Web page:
I recently stole part of that phrase to make a point to a friend of mine. The only problem was that I didn’t explain myself very well. I think I was secretly too chuffed with myself for having come up with the idea, to spend enough intellectual capital on actually sharing what I meant. I suppose that deep down I wanted it to be a point that made itself. It didn’t, and here is my attempt to make up for the shortfall.
We all have situations that push our buttons. Sometimes by learning what it is that either makes you perform well or poorly, you can learn to either encourage or mitigate these situations to ensure their propagation, or their containment.
However, particularly with things that wind you up, learning what they are is merely an exercise in observation. There is often little that you can do to prevent the circumstance, or to pre-empt your response to it. The best that you can hope for is that the insight into the relationship between situation A and its impact on your performance or behaviour is to to warn other people (If A happens, then I am liable to do B) or to remove yourself from the active arena.
I have grown up wanting to believe that we are the products of our own deepest desires, and that wanting something about yourself to be true is all you really needed to actually make it true. Experience has taught me that this isn’t the way life works, but that doesn’t stop many of us trying. If you don’t believe me, ask yourself honestly (and in private if necessary) whether you have tried to be different in anyway when you have moved somewhere new? Did you try to be different when you started your last job, or did you reinvent yourself when you went to University? If you can genuinely answer no to those questions, then you might as well stop reading. You can go to the pub early, or move on to whatever it is that you were going to do next.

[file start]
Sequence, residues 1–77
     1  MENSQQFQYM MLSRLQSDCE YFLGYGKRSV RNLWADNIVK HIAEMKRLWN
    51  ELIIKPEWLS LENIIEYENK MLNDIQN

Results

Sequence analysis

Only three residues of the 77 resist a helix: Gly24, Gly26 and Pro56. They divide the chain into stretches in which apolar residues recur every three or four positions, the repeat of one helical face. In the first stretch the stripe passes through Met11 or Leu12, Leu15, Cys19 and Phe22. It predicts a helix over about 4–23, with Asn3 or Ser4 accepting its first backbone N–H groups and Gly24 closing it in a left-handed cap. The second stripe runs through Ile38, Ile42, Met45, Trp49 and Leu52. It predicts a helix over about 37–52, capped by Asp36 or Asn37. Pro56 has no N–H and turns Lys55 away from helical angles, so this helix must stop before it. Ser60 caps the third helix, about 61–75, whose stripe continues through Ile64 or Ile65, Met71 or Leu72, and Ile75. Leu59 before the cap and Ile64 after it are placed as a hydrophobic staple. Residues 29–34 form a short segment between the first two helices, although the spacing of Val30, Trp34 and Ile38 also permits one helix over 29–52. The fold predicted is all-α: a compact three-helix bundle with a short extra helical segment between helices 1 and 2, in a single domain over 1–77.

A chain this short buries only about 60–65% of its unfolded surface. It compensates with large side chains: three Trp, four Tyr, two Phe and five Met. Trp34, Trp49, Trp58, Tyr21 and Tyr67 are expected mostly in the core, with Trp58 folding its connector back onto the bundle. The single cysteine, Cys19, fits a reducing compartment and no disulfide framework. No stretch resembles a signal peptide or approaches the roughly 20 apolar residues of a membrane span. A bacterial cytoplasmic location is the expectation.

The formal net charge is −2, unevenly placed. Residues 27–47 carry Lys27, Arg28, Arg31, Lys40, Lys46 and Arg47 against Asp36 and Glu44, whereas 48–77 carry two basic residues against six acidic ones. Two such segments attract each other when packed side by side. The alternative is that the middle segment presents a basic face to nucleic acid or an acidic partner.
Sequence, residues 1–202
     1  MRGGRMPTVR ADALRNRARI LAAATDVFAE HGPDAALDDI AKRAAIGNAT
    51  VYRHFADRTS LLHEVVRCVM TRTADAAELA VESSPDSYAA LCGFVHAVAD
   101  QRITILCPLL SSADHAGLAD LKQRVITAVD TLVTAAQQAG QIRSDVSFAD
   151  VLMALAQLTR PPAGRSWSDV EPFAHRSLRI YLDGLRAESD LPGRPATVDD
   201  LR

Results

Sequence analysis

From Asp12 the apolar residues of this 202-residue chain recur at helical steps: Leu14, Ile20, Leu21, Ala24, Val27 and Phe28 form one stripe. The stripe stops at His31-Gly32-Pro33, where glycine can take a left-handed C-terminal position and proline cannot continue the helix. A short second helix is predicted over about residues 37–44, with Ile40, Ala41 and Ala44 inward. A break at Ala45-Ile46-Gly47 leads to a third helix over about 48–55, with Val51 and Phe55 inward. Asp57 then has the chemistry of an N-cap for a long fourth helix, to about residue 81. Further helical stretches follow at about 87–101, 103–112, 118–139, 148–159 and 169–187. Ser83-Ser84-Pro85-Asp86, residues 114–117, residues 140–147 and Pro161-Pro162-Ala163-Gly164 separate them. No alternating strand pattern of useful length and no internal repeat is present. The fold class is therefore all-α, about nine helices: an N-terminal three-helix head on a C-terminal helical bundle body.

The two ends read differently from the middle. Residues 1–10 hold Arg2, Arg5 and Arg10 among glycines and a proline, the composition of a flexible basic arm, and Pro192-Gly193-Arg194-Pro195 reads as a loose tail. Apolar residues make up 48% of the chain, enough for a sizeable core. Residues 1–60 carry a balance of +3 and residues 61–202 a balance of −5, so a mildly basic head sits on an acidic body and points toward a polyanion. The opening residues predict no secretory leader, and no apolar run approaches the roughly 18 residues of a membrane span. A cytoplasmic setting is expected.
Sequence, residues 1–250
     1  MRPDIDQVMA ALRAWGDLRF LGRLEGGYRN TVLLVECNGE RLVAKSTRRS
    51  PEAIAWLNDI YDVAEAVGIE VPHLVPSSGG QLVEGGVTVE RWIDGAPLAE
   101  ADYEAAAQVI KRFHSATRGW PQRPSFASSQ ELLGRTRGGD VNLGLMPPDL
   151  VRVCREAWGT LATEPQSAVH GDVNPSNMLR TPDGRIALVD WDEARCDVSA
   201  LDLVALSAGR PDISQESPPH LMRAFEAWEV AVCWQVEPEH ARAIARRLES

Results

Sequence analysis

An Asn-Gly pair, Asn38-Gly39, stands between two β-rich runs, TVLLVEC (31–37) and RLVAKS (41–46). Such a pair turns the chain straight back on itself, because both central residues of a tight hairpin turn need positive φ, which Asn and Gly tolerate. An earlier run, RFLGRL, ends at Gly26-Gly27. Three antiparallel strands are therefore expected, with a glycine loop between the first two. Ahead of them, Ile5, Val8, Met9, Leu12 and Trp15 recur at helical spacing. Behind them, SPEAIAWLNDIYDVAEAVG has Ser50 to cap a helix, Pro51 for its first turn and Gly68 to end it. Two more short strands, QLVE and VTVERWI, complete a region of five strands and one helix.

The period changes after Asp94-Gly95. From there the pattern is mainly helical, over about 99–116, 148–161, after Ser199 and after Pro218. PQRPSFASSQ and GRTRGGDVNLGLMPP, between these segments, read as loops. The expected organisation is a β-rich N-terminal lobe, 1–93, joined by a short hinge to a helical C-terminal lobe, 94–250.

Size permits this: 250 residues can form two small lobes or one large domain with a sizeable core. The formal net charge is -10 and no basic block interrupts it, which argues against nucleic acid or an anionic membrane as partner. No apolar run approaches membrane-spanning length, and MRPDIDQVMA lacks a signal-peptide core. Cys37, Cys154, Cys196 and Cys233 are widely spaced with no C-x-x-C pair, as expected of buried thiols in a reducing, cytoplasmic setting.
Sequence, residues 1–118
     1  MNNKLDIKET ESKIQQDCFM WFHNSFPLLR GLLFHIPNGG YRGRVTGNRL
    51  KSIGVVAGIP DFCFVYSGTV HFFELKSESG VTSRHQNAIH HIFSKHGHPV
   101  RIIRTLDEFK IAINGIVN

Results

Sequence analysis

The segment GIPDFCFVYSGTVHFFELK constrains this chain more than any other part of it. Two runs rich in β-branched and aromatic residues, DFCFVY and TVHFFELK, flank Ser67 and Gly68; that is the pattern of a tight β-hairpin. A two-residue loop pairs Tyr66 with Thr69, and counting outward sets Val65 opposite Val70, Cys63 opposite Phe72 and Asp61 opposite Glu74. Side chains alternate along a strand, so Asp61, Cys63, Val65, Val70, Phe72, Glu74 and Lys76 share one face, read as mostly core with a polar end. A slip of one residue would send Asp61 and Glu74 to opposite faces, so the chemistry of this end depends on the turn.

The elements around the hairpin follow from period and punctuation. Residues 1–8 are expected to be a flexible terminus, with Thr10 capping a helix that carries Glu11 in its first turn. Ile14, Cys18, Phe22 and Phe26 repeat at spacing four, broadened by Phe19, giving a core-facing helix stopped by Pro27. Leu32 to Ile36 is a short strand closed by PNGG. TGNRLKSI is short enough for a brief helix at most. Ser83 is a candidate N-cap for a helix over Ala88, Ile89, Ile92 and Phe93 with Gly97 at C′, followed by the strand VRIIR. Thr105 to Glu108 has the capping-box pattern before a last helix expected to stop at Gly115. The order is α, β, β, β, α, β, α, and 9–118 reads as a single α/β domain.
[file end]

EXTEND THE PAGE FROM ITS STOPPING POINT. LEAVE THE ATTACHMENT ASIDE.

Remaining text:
If, however, you had to answer yes, don’t worry - there is nothing wrong with you, there is nothing different you need to do. You only need to learn to love the bomb.
And what follows now is the explanation I never gave my friend, but I really wish I had.
The atomic bomb exists - lots of people do not like the fact that it exists, and wish that they could get rid of it. In fact, a great many people have spent a long time campaigning for that exact result. They haven’t yet succeeded, and indeed it is not an imminent outcome.
How then can we reconcile the reality of the bomb to the reality that we really would prefer to live in a world where we are not constantly at risk of mutually assured destruction? Well, the answer would seem to lie in the understanding that the one thing that the proliferation of atomic bombs achieved was the realisation that one country could not use the bomb, without guaranteeing that others would retaliate, and ensure that everyone was destroyed. The one good thing, therefore, about the bomb is that it ensures that we will not destroy each other.
The bomb ensures that we limit the extent to which we inflict violence on each other. That is the way to love the bomb.
Therefore, when I remind people that they are in ‘a love the bomb’ moment, what I am in fact telling them is that the thing about themselves that they are moaning about is actually an opportunity to find something good in someone or something else. Learning to love the bomb in yourself means you have gained insight into the way you work, which suggests a good level of reflective practice. It also means that you have to find ways around your own perceived limitations, which might involve working in news ways with new people, or developing new skills. It could lead to a thousand other things that you would never have learned, developed or experienced without your own sense of inadequacy.
Loving the bomb doesn’t mean giving up, it just means working within the constraints of the real world.
You may not think that it is a particularly good point, but that is the explanation that I should have given a couple of weeks ago.